Question 1: For pediatric lumbar punctures (LPs), does advancement of the LP needle without a stylet (ie, stylet out) increase the odds of a successful LP?
Advancement of the LP needle without a stylet has been reported in the adult medical literature since the 1960s.1 After puncturing through the epidermis and subcutaneous tissue with the stylet in place, does advancement with the stylet out allow for earlier recognition of the subarachnoid space, or would the soft pediatric bony structures more easily facilitate materials occluding the needle?
A 17-month prospective observational study in 2006 by Baxter et al evaluated 594 pediatric LPs in children age 12 months or younger in a tertiary pediatric emergency department.2 Of 594 pediatric LPs, data were collected on 428 (72 percent), of which 377 were performed by residents and included in their analysis.
The authors were interested in resident-performed LPs. LP kits included a form for recording several intraprocedural data elements such as patient age, use of anesthetics, use of paper drapes, experience of the person performing the LP, early stylet removal, and number of attempts. The primary outcome was the ability of the resident to successfully perform an LP. Failure was defined as more than 1,000 red blood cells (RBCs)/mm3, inability of the resident to get cerebrospinal fluid (CSF), or inability to get enough volume for a CSF cell count (ie, adequate volume for a CSF culture but not enough for a cell count).
When analyzing all children age 12 months or younger, the success of LP with early stylet removal was not significant—the final adjusted odds ratio (OR) was 1.9 (95% CI; 0.95–3.9). When evaluating children younger than 12 weeks of age, the OR for successful completion of the procedure using early stylet removal was 2.4 (95% CI; 1.1–5.2), which was significant, suggesting that early stylet removal might be beneficial in LP success in this young group.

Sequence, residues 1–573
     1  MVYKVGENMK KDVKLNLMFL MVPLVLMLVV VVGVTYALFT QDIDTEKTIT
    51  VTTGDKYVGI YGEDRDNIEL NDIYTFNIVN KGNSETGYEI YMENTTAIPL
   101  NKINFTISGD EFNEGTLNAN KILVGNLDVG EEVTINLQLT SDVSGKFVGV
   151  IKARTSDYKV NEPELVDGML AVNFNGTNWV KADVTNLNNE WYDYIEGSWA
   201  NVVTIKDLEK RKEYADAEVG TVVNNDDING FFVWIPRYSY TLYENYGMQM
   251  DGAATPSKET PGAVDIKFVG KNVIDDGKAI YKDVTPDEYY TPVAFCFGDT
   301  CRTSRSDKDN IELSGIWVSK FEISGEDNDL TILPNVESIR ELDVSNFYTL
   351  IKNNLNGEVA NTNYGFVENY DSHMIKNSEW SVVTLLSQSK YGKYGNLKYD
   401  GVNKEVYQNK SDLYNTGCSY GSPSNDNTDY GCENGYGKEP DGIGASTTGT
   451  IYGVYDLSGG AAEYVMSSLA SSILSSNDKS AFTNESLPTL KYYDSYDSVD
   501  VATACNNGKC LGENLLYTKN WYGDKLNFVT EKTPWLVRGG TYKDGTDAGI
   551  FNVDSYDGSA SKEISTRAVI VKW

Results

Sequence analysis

A prospective observational study in 2007 by Nigrovic et al evaluated 1,459 pediatric LPs (ages 0 to 22 years) over a 19-month period at a tertiary pediatric emergency department.3 Data collection forms were prospectively obtained and included performer experience, anatomical landmark identification, patient characteristics, local anesthesia, sedation, early stylet removal, and patient movement. The primary outcome was successful LP on first attempt with further analysis by age (3 months or less versus older than 3 months of age). Failure was defined as more than 10,000 RBCs/mm3, the inability to get CSF on the first attempt, or the inability to get enough volume for a CSF cell count (ie, adequate volume for a CSF culture but not enough for a CSF cell count).